The feasibility of any bug out plan depends a lot on your starting point. Obviously, some regions of the country have more to offer than others in terms of places to go. But every part of the Lower 48 has its share of potential bug out locations. The map below shows eight major regions as I’ve divided them for the purposes of my book: Bug Out: The Complete Plan for Escaping a Catastrophic Disaster Before It’s Too Late.
There is some crossover between the regions shown here, but the illustrator has done a pretty good job of placing the demarcation lines approximately the way I have divided the bug out locations described in the book. Note the page numbers that will correspond to the beginning of each regional chapter. The first four chapters are on general information and planning, including gear and methods of transportation.
My reasoning for these divisions is that these specific regions offer distinct variations in terrain, climate and plant and animal communities. Again, there is some crossover in some areas, but anyone familiar with all these areas of the U.S. will see how survival skills and gear can be different from one region to the next. Natural hazards including everything from weather to dangerous wildlife vary according to these regions, as do resources such as the availability or lack or water, edible plants and game animals. It is this variation that made working on this book such an interesting project for me over the past several months, not to mention the real time I’ve spent out there backpacking, canoeing and kayaking in all of these regions at various times during the past 25 years. Writing each chapter made me reminiscence about past trips and long to load up a canoe or backpack and go again.
My home base is in the Gulf Coast region, and I stay here because of family ties as well as my love of the water – both the rivers and the Gulf itself. I’m lucky to have a large number of bug out options close by because I live in one of the least populated states east of the Mississippi River. Those of us living in small towns or rural areas are the least likely to need to bug out to begin with, but each region on the above map has its share of densely populated cities where the residents would do well to have a working knowledge of where to go if the SHTF and they have to get out. Keep in mind that the vast majority of the populations of those cities are not going to have this knowledge and most will not even try to leave, but will instead wait for outside help that may or may not come. Out here in the small towns and rural areas of America, most of us would pull together in such a situation and help each other out, as has been proven time and time again when the big Gulf hurricanes have hit the nearby coast. In the aftermath of Katrina, the media covered the chaos and violence going down in New Orleans, while people along the even harder hit Mississippi Coast quietly rolled up their sleeves and went to work digging out of the rubble and rebuilding.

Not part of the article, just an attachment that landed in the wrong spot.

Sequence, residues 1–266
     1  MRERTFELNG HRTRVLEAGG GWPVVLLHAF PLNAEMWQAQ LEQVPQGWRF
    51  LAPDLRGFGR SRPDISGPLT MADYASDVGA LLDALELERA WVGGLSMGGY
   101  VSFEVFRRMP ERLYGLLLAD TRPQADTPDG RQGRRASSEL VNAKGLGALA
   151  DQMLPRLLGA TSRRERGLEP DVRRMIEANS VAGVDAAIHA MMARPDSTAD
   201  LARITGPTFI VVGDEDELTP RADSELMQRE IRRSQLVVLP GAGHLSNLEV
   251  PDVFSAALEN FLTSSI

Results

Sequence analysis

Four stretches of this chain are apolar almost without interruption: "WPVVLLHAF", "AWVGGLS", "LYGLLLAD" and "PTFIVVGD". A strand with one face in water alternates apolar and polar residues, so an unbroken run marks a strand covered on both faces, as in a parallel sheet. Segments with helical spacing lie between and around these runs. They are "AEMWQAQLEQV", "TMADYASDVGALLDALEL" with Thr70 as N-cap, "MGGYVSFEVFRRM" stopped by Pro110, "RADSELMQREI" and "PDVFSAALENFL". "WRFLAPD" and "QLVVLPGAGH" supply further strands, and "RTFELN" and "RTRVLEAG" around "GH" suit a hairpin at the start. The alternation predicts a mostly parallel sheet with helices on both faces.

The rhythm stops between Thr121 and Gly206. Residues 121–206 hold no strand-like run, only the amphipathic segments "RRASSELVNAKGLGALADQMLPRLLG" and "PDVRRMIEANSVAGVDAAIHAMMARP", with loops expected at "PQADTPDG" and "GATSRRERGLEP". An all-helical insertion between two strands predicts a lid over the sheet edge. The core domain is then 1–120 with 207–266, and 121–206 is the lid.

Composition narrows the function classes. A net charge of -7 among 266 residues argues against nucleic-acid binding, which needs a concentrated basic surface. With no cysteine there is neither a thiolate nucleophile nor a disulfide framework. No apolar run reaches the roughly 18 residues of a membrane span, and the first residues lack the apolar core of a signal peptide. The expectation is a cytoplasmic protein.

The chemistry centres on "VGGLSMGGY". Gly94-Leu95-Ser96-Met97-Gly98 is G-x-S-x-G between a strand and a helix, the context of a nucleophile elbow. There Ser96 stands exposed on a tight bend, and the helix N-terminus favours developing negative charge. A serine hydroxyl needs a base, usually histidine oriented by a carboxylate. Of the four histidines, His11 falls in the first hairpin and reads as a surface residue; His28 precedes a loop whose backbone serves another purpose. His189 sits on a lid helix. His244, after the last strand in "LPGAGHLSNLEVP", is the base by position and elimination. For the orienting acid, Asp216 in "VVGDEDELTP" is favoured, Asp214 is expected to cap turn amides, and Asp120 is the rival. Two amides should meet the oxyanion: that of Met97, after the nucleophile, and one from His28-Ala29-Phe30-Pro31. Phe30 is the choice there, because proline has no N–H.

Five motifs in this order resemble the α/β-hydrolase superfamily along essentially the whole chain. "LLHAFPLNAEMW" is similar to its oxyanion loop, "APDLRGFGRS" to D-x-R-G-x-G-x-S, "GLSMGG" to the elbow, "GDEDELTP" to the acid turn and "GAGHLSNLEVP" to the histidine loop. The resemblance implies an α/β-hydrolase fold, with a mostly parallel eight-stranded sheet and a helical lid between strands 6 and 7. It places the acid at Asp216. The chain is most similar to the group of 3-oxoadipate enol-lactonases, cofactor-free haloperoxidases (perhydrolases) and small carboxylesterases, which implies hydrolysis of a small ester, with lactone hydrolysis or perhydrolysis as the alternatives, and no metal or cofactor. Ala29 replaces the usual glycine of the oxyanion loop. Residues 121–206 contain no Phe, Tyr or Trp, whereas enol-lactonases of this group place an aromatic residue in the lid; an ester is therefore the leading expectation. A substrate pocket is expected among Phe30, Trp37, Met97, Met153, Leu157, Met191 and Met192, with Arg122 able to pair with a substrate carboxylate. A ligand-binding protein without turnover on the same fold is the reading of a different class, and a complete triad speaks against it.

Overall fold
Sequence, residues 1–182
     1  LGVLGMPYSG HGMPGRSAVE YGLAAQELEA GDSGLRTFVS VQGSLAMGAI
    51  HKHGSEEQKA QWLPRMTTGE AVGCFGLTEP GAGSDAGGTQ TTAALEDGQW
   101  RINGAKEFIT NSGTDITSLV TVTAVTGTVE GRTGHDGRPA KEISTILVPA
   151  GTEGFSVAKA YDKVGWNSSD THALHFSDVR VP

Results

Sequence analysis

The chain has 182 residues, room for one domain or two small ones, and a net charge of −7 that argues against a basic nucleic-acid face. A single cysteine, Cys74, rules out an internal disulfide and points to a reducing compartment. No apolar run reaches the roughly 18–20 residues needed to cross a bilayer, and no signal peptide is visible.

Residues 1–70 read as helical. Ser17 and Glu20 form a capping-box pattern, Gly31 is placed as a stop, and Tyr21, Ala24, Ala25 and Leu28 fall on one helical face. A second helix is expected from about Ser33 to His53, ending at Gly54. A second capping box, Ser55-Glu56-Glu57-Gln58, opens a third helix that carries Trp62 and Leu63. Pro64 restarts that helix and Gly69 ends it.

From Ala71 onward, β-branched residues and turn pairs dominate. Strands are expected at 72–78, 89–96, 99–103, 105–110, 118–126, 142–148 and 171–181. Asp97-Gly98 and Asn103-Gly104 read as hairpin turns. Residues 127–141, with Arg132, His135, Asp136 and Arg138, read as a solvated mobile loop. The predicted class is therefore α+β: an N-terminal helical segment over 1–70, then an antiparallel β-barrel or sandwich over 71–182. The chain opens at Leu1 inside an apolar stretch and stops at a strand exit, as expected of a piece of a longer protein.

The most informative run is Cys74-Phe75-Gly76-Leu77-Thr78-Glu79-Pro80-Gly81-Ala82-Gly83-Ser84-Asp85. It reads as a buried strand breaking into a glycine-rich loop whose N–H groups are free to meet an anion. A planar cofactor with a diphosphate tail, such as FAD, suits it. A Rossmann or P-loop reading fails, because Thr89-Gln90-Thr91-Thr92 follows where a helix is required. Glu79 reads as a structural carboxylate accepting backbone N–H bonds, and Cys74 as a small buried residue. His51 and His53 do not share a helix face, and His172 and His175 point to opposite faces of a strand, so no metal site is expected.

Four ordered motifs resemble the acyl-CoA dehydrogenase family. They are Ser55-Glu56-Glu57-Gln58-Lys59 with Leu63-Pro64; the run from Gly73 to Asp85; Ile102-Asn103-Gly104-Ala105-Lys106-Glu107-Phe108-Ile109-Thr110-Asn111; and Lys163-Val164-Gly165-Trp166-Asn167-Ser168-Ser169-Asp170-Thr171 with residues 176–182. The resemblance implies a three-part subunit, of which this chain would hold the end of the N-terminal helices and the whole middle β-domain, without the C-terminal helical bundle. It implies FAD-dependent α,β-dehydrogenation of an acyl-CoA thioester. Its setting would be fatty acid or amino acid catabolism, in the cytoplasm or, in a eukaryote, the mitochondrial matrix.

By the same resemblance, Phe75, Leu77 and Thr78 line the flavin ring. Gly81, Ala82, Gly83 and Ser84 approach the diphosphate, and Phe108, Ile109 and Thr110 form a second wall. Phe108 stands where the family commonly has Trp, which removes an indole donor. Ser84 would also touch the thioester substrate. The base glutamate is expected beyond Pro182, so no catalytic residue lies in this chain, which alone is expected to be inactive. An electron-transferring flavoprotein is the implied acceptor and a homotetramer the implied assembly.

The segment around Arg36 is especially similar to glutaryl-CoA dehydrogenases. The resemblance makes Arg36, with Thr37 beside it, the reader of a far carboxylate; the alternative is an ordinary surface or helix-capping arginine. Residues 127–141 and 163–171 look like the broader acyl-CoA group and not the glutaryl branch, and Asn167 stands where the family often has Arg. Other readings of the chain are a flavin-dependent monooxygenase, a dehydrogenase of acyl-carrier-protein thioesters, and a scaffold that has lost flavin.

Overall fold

So it’s obvious that where you live has a lot to do with how you should formulate your survival plans and can be a big factor in your chances of success or at least the degree of difficulty you would face. But one thing we are blessed with here in the U.S. is plenty of undeveloped and uninhabited lands. It may not seem so when you’re driving past mile after mile of strip malls and suburban sprawl, but compared to so many other countries in the world there is a lot of unused land here – both public and private. Have you explored all the potential bug out locations near you? What if you travel a lot for your job or for pleasure? Do you know where the big uninhabited areas are in other regions you frequent? If not, you should think about it. I hope that this kind of information detailed in my new book will be of use not only for bug out planning, but to encourage readers to get out and explore the great wild places available their own region and other parts of the country.